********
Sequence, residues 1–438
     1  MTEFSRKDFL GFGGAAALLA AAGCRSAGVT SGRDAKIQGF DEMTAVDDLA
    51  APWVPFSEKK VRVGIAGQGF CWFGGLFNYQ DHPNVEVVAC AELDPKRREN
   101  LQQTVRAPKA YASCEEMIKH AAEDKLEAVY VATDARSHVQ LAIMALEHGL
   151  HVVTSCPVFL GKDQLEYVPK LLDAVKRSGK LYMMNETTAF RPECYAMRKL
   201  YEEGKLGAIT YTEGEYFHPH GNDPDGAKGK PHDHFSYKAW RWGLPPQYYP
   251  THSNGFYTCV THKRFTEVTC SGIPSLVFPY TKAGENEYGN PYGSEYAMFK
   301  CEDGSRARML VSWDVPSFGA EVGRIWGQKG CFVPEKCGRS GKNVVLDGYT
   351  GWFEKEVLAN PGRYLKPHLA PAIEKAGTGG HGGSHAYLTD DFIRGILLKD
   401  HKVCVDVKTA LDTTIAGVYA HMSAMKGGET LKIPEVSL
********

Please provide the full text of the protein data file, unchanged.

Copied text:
Sequence, residues 1–438
     1  MTEFSRKDFL GFGGAAALLA AAGCRSAGVT SGRDAKIQGF DEMTAVDDLA
    51  APWVPFSEKK VRVGIAGQGF CWFGGLFNYQ DHPNVEVVAC AELDPKRREN
   101  LQQTVRAPKA YASCEEMIKH AAEDKLEAVY VATDARSHVQ LAIMALEHGL
   151  HVVTSCPVFL GKDQLEYVPK LLDAVKRSGK LYMMNETTAF RPECYAMRKL
   201  YEEGKLGAIT YTEGEYFHPH GNDPDGAKGK PHDHFSYKAW RWGLPPQYYP
   251  THSNGFYTCV THKRFTEVTC SGIPSLVFPY TKAGENEYGN PYGSEYAMFK
   301  CEDGSRARML VSWDVPSFGA EVGRIWGQKG CFVPEKCGRS GKNVVLDGYT
   351  GWFEKEVLAN PGRYLKPHLA PAIEKAGTGG HGGSHAYLTD DFIRGILLKD
   401  HKVCVDVKTA LDTTIAGVYA HMSAMKGGET LKIPEVSL